We thought it would be helpful to review the fundamentals of web design for aspiring web professionals in this article.
Responsive Web design is a Web design approach aimed at crafting sites to provide an optimal viewing experience. This is also aimed for easy reading and navigation with a minimum of resizing, panning, and scrolling across a wide range of devices.
What Is Mobile Responsive Design?
When a website is responsive, the layout and/or content responds or adapts based on the size of screen they are presented on. A responsive website automatically changes to fit the device you’re reading it on. Typically there have been four general screen sizes that responsive design has been aimed at: the widescreen desktop monitor, the smaller desktop or laptop, the tablet and the mobile phone.
Josh Byers 2012 article – A Beginner’s Guide to Mobile Responsive Design – StudioPress has examples given as the screen gets smaller, the content shifts and changes to the best display for each screen. This article also has more detailed information about
- Why Should I Care About Mobile Responsive Design? These days we need to think of mobile first.
- We first need to optimize the layout of the content.
- Next, we need to adapt the content that is shown (and only show content that is really needed).
- It has been amazingly easy to create a mobile responsive website for some time.
Why Responsive Images?
In article Responsive images by MDN Web Docs we can learn about the concept of responsive images — images that work well on devices with widely differing screen sizes, resolutions, and other such features — and look at what tools HTML provides to help implement them.
It also has a detail overview of
- How do you create responsive images?
- Resolution switching: Different sizes
- Useful developer tools
- Resolution switching: Same size, different resolutions
- Art direction
- Active learning: Implementing your own responsive images
Why Responsive Design?
Use of responsive web design is highly recommended because it
- Makes it easier for users to share and link to your content with a single URL.
- Helps Google’s algorithms accurately assign indexing properties to the page rather than needing to signal the existence of corresponding desktop/mobile pages.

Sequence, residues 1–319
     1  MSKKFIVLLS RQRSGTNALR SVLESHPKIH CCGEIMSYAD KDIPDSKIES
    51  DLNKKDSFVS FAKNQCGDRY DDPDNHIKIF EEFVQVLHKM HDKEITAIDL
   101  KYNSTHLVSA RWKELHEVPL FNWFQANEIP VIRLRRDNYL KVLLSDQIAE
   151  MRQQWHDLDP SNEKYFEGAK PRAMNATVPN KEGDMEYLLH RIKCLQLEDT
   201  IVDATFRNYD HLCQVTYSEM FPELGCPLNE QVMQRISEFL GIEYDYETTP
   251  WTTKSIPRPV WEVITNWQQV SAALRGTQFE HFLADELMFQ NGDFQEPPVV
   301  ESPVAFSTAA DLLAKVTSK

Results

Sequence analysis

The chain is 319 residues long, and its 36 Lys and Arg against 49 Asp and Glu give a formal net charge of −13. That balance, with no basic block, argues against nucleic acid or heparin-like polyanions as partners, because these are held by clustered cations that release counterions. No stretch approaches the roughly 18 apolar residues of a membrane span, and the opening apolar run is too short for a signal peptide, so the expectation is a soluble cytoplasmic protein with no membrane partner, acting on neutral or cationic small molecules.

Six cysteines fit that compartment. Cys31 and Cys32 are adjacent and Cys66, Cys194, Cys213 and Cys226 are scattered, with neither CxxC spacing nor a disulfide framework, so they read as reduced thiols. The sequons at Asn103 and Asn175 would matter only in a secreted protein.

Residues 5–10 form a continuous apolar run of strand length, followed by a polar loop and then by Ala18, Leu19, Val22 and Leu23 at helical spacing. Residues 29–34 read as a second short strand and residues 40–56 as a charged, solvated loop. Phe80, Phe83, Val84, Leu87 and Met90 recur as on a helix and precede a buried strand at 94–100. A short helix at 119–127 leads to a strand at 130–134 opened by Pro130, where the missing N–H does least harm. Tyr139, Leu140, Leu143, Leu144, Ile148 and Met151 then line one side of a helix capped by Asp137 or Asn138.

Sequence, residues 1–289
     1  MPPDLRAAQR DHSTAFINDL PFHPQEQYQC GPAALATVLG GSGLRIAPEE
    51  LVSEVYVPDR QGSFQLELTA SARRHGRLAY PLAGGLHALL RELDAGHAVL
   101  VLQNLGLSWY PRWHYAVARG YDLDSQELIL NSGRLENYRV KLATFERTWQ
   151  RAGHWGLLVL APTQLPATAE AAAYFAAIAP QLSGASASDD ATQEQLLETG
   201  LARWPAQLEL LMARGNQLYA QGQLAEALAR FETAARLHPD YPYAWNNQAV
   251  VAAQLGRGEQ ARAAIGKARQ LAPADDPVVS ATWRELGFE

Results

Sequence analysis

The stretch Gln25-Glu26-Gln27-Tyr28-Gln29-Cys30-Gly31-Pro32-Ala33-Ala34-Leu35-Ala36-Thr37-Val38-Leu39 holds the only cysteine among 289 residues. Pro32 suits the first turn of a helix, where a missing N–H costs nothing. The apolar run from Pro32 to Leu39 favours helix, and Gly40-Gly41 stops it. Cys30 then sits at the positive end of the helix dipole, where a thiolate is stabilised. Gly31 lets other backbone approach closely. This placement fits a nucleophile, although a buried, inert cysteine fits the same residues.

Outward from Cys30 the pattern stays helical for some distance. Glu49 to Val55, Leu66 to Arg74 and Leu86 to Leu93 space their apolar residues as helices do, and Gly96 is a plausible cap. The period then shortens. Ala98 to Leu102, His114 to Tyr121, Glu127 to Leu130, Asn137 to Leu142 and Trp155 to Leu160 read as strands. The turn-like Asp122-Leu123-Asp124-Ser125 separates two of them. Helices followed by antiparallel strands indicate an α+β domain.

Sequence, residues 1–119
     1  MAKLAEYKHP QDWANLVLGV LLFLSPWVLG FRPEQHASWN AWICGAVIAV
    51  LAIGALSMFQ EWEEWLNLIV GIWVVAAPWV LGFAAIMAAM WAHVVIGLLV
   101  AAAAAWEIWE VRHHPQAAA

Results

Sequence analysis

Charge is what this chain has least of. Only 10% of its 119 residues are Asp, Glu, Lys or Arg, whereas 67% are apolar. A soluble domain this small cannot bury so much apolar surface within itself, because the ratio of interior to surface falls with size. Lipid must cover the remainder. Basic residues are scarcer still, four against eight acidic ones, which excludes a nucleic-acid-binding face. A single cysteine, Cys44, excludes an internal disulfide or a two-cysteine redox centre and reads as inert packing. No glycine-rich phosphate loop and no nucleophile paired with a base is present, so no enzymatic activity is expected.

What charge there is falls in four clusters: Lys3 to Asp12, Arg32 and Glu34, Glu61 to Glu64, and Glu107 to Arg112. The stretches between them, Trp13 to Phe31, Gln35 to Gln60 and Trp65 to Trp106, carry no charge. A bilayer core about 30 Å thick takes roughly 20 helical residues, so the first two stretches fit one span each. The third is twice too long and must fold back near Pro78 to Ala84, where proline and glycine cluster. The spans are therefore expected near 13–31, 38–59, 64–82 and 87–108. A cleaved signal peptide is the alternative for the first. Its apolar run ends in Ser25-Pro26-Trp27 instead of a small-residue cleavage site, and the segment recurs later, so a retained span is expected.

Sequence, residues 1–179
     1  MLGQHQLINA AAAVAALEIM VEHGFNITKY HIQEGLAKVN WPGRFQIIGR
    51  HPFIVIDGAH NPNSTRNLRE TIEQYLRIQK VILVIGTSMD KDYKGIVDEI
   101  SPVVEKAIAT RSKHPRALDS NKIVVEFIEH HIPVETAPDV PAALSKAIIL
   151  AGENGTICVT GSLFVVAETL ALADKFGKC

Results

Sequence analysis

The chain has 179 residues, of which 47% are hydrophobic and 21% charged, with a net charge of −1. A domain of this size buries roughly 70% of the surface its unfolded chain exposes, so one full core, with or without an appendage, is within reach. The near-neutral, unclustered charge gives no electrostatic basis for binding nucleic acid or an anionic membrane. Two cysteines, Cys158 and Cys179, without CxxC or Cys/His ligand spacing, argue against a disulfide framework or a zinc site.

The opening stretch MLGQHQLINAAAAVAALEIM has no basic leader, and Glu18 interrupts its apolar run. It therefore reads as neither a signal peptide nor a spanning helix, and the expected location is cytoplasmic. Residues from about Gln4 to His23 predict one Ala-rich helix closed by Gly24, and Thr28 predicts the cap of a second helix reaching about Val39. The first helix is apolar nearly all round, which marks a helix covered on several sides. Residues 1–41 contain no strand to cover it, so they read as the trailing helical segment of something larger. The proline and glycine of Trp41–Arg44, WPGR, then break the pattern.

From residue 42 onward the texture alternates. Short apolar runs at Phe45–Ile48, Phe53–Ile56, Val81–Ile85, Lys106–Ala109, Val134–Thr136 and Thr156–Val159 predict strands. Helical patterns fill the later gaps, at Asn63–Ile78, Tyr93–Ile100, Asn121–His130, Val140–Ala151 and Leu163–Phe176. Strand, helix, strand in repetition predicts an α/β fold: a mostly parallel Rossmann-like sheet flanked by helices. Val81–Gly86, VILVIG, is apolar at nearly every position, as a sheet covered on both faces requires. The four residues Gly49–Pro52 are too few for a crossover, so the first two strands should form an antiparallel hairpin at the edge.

- Requires less engineering time to maintain multiple pages for the same content.
- Reduces the possibility of the common mistakes that affect mobile sites.
- Requires no redirection for users to have a device-optimized view, which reduces load time. Also, user agent-based redirection is error-prone and can degrade your site’s user experience (see Pitfalls when detecting user agents” section for details).
- Saves resources when Googlebot crawls your site. For responsive web design pages, a single Googlebot user agent only needs to crawl your page once, rather than crawling multiple times with different Googlebot user agents to retrieve all versions of the content. This improvement in crawling efficiency can indirectly help Google index more of your site’s content and keep it appropriately fresh.
Google provides many more details in this article.
Other Resources which may be helpful
- 2 Indispensable Elements of Excellent Mobile Responsive Design
- Mobile Responsive Design: The Flexible Grid
- How to Make Your Website Respond to Different Mobile Devices
We always try to deliver something new in our Web professional’s world. Also we hope you find these overviews useful and always look forward to your comments and feedback (whether you are a member or not).
If you aspire to be a web professional and don’t know where to start, we offer a number of beginning classes to our members via our School Of Web. As a member, your first class is free.
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